WINTER SPORTS — Basics of Winter Camping, a free program presented by an REI staffer, will be presented at 7 p.m., Thursday, Jan. 9, at the Spokane store, 1125 N. Monroe.   

Pre-register to reserve a seat.

Video: See black bear test BearVault food canister

CAMPING — My Sunday Outdoors feature story focuses on bear-proof food canisters — where they are being required for campers and which one to buy.

The video above looks at the story from the bear's point of view.

This bear is very determined, but it doesn't get a reward for trying to steal a camper's food out of a BearVault brand container.

Objections to Panhandle Forests plan available online

PUBLIC LANDS — The 22 formal objections filed to the Idaho Panhandle National Forests’ revised forest plan were made available for review this week.

The revision of the plan last revised in 1987 was released in September and is meant to guide forest management of everything from timber production to roadless areas for the next 15 years or so.

The objections can be reviewed on Idaho Panhandle National Forests “Objections Received” webpage.

People interested in an objection can file a request to participate in any resolution meetings that are scheduled.

For example:

  • Old stands of pines, cedars and firs don’t have enough protections under the Idaho Panhandle National Forests’ draft management plan, according to environmental groups, who say the big trees need more safeguards.
  • The plan's recommendations for wilderness are criticized for being too much as well as too little.
  • Objections from the Shoshone County Commission, including issues about snowmobiling, were so extensive they had to be separated into two online files.

The Forest Service has 90 days to respond to the objections.

 

Study reveals increasing development along forest boundaries

PUBLIC LANDS — Perhaps researchers are offering some insight on how wildlife and hunters are feeling the squeeze of humanity in rural areas — and why forest fire fighting costs continue to soar.

Private development along the edges of most public forests in Oregon and Washington more than doubled since the 1970s, a new study conducted by the U.S. Forest Service Pacific Northwest (PNW) Research Station has found.

The study, which used aerial photography to inventory structures at the fringes of public forests, is the first to look at development trends in the two states before and after the enactment of land use laws. The findings are reported in Changes in Development Near Public Forest Lands in Oregon and Washington, 1974-2005: Implications for Management, a report published by the PNW Station.

“Although public forests are not necessarily directly subject to development, they still face management issues at their edges because of indirect development pressure,” said David Azuma, a research forester at the station who led the study.

In Oregon and Washington, about half of all forest lands are publicly owned and managed by the Forest Service, Bureau of Land Management, Oregon Department of Forestry, and Washington Department of Natural Resources. Using a fine-scale grid of points on air photos across the two states, Azuma and colleagues classified areas outside of federal lands for land use and then recorded the number of structures within a 321-meter radius of each of these points.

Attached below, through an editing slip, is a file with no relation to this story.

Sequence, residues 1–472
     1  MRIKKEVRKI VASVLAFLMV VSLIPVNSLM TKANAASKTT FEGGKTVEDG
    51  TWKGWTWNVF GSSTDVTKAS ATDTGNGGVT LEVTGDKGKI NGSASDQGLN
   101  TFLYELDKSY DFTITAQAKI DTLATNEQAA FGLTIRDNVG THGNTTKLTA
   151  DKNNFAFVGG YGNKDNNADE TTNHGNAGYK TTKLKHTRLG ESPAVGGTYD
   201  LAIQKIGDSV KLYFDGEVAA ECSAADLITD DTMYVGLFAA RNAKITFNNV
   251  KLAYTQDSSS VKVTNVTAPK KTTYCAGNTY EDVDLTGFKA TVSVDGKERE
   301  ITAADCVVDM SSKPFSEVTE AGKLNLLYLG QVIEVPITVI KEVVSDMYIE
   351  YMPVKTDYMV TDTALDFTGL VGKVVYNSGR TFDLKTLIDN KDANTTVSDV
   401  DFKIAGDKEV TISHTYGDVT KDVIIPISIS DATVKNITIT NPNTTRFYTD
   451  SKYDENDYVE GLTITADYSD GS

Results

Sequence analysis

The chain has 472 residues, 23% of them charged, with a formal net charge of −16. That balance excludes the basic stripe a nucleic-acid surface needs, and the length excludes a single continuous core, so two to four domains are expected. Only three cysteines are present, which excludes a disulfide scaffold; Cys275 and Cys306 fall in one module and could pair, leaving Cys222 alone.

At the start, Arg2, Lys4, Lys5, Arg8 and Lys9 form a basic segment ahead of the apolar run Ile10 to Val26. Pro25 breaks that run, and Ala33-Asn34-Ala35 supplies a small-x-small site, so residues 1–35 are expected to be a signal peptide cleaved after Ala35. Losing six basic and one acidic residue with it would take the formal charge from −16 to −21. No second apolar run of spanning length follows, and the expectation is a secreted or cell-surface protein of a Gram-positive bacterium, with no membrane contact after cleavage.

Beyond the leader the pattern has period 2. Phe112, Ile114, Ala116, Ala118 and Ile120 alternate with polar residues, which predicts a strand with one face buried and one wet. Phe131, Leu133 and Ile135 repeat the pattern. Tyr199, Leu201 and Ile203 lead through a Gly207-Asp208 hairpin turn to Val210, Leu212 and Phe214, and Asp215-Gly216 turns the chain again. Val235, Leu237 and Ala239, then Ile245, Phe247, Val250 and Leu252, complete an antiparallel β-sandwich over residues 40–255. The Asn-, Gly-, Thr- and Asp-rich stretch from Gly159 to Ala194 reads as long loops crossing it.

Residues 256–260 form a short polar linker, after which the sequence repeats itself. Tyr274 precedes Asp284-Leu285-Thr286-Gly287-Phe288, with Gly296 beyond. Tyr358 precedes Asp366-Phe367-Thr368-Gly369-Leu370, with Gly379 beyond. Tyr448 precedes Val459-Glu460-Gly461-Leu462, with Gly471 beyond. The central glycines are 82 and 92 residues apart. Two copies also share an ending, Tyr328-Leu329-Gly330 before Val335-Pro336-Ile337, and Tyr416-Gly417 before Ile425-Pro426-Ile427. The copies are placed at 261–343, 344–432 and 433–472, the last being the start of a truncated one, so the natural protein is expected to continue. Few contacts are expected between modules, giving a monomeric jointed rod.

“Quantifying the increases in structures in areas that have not been converted in land use can serve as a surrogate for the broader risk associated with development near public lands,” Azuma said.

Among the study’s findings:

  • Structure density within 1 kilometer of public forest more than doubled for each of the public owner groups between the 1970s and the mid-2000s.
  • Washington Department of Natural Resources lands are the most developed along their edges, with an average of 11 structures per square kilometer within 1 kilometer of their land – a rate that is more than twice that of lands managed by the other public land owners.
  • In Oregon, the greatest amount of development occurred along the edges of Bureau of Land Management forests, where there is an average of 4.4 structures per square kilometer within 1 kilometer and 19.5 structures within 2 to 5 kilometers of their land.
  • The greatest increases in structure density along public forest borders occurred in Pierce, King, Snohomish, and Clark Counties in Washington, and in Deschutes County in Oregon.

The study’s findings suggest that areas with increasing development should probably expect continued development. The work can help agencies that manage public forests to better plan for management options at the edges of their land.

  • The study also verifies the attention Washington state agencies and groups such as the Rocky Mountain Elk Foundation and The Nature Conservancy have given to “blocking up” forest lands that are in checkerboard ownership.  See story and links.